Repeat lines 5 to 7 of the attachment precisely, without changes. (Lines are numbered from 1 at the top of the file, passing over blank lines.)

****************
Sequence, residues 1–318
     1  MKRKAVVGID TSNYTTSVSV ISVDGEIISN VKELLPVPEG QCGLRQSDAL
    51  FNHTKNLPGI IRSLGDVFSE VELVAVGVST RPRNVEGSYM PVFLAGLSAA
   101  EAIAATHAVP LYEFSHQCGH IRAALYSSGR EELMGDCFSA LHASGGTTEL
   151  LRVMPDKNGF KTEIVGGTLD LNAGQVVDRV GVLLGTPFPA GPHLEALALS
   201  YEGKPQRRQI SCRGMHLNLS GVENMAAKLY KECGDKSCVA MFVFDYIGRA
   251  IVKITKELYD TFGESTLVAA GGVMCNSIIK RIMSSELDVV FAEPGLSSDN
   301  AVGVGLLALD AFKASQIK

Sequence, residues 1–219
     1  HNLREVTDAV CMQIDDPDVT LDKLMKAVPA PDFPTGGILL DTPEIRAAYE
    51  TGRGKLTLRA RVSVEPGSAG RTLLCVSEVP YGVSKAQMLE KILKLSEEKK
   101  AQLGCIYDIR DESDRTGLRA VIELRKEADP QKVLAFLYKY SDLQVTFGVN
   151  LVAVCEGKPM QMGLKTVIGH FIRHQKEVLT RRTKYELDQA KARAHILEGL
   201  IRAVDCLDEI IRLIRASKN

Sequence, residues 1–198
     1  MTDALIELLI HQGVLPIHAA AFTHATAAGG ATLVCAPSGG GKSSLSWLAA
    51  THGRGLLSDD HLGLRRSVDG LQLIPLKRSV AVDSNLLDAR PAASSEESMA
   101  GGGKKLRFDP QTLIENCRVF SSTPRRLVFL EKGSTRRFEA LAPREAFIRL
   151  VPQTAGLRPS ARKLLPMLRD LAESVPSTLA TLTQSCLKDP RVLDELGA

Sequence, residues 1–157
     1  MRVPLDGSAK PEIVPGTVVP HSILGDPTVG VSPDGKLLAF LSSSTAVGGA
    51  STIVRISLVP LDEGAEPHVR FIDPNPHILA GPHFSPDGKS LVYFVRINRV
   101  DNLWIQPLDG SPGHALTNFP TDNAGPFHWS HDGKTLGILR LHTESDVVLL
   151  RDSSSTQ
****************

   151  LRVMPDKNGF KTEIVGGTLD LNAGQVVDRV GVLLGTPFPA GPHLEALALS
   201  YEGKPQRRQI SCRGMHLNLS GVENMAAKLY KECGDKSCVA MFVFDYIGRA
   251  IVKITKELYD TFGESTLVAA GGVMCNSIIK RIMSSELDVV FAEPGLSSDN